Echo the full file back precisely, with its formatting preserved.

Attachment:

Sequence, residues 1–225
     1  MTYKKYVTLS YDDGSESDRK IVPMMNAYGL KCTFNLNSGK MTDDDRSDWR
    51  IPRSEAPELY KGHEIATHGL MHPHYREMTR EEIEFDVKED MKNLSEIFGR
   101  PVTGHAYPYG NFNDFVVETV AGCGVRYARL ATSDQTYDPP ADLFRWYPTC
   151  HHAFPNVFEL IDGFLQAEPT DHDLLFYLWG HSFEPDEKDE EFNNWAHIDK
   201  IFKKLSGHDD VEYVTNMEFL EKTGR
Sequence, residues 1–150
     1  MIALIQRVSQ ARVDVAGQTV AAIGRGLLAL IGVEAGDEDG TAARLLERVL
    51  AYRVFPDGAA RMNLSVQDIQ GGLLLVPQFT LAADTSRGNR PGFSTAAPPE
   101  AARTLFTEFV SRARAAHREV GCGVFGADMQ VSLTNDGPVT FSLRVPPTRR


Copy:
Sequence, residues 1–225
     1  MTYKKYVTLS YDDGSESDRK IVPMMNAYGL KCTFNLNSGK MTDDDRSDWR
    51  IPRSEAPELY KGHEIATHGL MHPHYREMTR EEIEFDVKED MKNLSEIFGR
   101  PVTGHAYPYG NFNDFVVETV AGCGVRYARL ATSDQTYDPP ADLFRWYPTC
   151  HHAFPNVFEL IDGFLQAEPT DHDLLFYLWG HSFEPDEKDE EFNNWAHIDK
   201  IFKKLSGHDD VEYVTNMEFL EKTGR
Sequence, residues 1–150
     1  MIALIQRVSQ ARVDVAGQTV AAIGRGLLAL IGVEAGDEDG TAARLLERVL
    51  AYRVFPDGAA RMNLSVQDIQ GGLLLVPQFT LAADTSRGNR PGFSTAAPPE
   101  AARTLFTEFV SRARAAHREV GCGVFGADMQ VSLTNDGPVT FSLRVPPTRR